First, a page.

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Nina
05-15-2005, 07:40 AM
...what "Thane" means? I am refering to the title Thane in the play Macbeth, in which Macbeth is "Thane of Glamis" (and later of Cawdor). The German translation doesnt necessarily say much to me, so I would be greatful if anybody could explain this title in his own words. What is the exact status of a Thane?
I am aware of the fact that I dont need to know in order to understand the play (yeah alright), but I'm simply curious.
Thanks in advance.

notoriousdoc
05-15-2005, 07:44 AM
Thane mean lord in Scotland, so "Macbeth, Thane of Cawdor" is "Macbeth, lord of Cawdor"

Nina
05-15-2005, 07:46 AM
yay! Just another word for Lord?
teh.

Nina
05-15-2005, 07:46 AM
...can a Lord actually become King in any way?
I guess so. I still dont understand the status completely.

notoriousdoc
05-15-2005, 07:47 AM
yay! Just another word for Lord?
teh.

Yes, but it is celtic (I think) so only in Scotland, Ireland etc.

notoriousdoc
05-15-2005, 07:48 AM
THANE
n.
1. A freeman granted land by the king in return for military service in Anglo-Saxon England.
2. A man ranking above an ordinary freeman and below a nobleman in Anglo-Saxon England.
3. A feudal lord or baron in Scotland.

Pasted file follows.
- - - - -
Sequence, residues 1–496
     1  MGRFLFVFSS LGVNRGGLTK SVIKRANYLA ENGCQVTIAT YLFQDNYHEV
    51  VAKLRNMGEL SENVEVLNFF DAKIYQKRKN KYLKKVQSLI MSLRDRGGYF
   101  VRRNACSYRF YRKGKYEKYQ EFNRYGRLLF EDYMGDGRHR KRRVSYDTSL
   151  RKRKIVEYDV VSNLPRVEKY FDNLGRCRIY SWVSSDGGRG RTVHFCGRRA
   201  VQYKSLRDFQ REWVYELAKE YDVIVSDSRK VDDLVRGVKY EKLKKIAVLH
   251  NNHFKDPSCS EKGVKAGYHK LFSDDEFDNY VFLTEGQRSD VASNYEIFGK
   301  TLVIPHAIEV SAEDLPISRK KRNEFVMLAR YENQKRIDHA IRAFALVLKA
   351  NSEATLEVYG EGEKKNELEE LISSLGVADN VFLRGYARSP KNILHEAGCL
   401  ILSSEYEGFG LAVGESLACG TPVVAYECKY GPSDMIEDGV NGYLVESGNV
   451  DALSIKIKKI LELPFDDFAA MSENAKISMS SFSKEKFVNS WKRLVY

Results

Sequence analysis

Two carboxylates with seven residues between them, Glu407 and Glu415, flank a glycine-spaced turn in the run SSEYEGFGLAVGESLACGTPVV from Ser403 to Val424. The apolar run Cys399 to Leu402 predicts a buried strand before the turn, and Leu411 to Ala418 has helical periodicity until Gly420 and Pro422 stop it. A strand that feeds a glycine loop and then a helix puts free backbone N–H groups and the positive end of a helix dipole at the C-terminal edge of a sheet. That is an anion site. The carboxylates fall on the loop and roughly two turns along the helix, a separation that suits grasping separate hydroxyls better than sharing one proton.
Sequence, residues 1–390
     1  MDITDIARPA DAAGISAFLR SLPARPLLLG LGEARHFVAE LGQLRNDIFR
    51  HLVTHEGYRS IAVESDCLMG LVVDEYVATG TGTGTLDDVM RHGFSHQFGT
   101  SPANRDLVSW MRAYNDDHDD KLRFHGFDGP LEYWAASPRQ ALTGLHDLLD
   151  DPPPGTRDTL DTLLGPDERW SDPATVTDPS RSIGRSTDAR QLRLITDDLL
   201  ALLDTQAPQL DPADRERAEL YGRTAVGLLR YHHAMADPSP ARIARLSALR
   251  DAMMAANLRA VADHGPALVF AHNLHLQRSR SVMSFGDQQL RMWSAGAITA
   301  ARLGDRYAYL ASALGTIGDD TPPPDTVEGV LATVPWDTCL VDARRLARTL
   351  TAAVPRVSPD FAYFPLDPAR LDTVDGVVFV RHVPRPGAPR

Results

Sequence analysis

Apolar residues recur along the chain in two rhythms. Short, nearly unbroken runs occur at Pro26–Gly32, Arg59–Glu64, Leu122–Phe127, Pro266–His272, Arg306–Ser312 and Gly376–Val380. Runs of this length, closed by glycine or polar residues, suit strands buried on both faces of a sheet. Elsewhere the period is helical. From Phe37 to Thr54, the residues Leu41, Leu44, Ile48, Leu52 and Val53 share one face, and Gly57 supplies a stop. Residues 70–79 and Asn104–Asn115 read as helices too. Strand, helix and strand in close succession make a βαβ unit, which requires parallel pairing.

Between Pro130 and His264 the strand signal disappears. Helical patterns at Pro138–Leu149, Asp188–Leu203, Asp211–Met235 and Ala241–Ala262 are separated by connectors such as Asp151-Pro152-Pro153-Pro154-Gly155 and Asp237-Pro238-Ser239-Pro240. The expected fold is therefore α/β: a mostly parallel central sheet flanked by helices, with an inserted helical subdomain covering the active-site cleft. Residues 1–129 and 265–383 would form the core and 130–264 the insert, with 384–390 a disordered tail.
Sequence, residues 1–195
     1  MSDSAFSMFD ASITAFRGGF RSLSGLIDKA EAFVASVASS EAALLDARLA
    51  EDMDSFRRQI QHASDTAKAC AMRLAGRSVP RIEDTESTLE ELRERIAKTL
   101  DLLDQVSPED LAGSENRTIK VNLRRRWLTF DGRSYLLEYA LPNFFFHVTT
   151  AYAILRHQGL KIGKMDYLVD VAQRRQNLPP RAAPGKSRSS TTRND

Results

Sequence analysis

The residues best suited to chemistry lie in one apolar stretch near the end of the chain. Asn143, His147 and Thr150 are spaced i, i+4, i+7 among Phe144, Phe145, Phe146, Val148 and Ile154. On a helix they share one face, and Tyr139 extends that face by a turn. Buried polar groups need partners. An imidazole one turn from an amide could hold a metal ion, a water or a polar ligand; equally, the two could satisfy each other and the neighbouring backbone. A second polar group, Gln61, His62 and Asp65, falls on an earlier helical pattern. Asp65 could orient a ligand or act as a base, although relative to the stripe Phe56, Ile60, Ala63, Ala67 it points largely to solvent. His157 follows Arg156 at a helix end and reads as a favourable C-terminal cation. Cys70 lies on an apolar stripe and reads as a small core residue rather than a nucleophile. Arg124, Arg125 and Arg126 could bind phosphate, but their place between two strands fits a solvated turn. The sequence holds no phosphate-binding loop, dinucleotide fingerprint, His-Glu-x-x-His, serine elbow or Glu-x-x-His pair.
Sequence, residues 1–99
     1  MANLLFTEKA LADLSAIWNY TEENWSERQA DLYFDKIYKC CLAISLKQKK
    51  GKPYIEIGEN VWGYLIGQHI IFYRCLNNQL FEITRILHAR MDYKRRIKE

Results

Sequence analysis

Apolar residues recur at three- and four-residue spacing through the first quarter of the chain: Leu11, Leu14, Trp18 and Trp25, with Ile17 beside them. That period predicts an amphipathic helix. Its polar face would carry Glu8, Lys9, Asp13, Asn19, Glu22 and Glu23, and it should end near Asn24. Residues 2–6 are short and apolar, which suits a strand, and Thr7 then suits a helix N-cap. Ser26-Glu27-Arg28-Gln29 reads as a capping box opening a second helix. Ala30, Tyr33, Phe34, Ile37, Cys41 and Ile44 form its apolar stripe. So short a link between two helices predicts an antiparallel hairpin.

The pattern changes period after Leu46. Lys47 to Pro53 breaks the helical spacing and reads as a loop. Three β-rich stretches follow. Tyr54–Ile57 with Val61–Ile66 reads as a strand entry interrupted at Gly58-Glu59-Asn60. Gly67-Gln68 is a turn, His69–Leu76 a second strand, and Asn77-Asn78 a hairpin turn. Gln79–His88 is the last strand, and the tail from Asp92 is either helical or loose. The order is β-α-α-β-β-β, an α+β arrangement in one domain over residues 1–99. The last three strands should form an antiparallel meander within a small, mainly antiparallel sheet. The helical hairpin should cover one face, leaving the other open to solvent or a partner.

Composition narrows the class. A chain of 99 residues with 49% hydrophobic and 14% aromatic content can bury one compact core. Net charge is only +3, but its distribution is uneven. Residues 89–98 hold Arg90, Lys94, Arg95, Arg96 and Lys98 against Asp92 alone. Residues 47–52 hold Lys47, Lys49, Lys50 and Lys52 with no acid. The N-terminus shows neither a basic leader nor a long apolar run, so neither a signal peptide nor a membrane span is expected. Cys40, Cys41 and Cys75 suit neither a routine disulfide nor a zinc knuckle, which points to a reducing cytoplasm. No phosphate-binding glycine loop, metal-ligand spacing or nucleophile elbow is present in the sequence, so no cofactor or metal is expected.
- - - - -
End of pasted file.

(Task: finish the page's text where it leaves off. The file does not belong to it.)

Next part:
Nina
05-15-2005, 07:51 AM
Thank you.
The story takes place in England, not in Scotland (at least not until the end or something), so I dont really think Thane means Lord in this case. Definition 1 is probably the most accurate.
=)

TheUnholyNightbringer
05-15-2005, 10:51 AM
Are you sure it wasn't set in Scotland? I studied Macbeth a long time ago and I have a feeling it was set in Scotland all the way through.

the_GoDdEsS
05-15-2005, 10:54 AM
Ugh, I've read MacBeth. I don't like Shakespeare's historical plays much. And he's a challenge to read.

RXP
05-15-2005, 10:56 AM
It's sad people say 'study' when refering to something that was meant to be entertainment. Academcs have ruined a lot of things.

TheUnholyNightbringer
05-15-2005, 11:01 AM
I've checked a few study websites, but they've only told me that the play is set "in Scotland and England." It's not specific which parts are set where. All I know is that "Thane" in this play IS used in the context of Scottish Lord. Macbeth, the highest ranking Thane, became King upon the murder of King Duncan. So at least that part was set in Scotland.

Nina
05-16-2005, 01:55 AM
Ah, yes, in Scotland, but at the end of act 4 in England. My bad, i misread something there and thought it was the other way around :E -hangs head in shame-
Alright, so it shall be "Lord"! Thanks all =)